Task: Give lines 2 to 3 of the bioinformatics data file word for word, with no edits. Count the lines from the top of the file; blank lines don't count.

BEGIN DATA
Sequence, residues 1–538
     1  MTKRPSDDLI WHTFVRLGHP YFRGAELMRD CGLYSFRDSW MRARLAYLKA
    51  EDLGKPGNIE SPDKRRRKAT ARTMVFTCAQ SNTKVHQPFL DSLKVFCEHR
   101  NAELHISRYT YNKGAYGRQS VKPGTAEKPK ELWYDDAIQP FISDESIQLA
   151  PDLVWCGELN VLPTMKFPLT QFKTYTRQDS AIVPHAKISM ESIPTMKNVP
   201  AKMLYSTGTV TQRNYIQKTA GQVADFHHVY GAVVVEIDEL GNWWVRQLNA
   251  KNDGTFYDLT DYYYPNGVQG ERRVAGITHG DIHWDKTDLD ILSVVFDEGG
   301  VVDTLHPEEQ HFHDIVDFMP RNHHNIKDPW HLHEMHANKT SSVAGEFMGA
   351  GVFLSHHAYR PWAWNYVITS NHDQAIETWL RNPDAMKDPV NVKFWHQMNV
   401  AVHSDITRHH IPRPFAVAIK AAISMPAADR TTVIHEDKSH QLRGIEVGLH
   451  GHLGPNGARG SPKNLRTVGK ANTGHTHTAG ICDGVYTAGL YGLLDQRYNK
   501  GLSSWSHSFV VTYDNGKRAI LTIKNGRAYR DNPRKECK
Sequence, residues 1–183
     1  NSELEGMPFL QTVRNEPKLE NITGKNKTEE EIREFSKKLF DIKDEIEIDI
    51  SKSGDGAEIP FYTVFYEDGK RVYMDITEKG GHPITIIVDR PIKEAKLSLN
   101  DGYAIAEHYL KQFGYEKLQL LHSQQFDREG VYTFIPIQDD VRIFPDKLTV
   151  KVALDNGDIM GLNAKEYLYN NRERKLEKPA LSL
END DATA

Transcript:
     1  MTKRPSDDLI WHTFVRLGHP YFRGAELMRD CGLYSFRDSW MRARLAYLKA
    51  EDLGKPGNIE SPDKRRRKAT ARTMVFTCAQ SNTKVHQPFL DSLKVFCEHR